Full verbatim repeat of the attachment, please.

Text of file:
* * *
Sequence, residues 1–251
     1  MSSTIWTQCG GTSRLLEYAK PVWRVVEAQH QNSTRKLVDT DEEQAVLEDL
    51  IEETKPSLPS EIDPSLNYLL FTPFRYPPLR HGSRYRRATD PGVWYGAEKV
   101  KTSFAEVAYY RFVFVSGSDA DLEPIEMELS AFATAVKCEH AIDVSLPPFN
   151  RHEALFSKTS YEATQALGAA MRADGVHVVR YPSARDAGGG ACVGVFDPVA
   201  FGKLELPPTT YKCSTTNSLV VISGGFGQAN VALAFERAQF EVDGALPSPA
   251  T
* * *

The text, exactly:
Sequence, residues 1–251
     1  MSSTIWTQCG GTSRLLEYAK PVWRVVEAQH QNSTRKLVDT DEEQAVLEDL
    51  IEETKPSLPS EIDPSLNYLL FTPFRYPPLR HGSRYRRATD PGVWYGAEKV
   101  KTSFAEVAYY RFVFVSGSDA DLEPIEMELS AFATAVKCEH AIDVSLPPFN
   151  RHEALFSKTS YEATQALGAA MRADGVHVVR YPSARDAGGG ACVGVFDPVA
   201  FGKLELPPTT YKCSTTNSLV VISGGFGQAN VALAFERAQF EVDGALPSPA
   251  T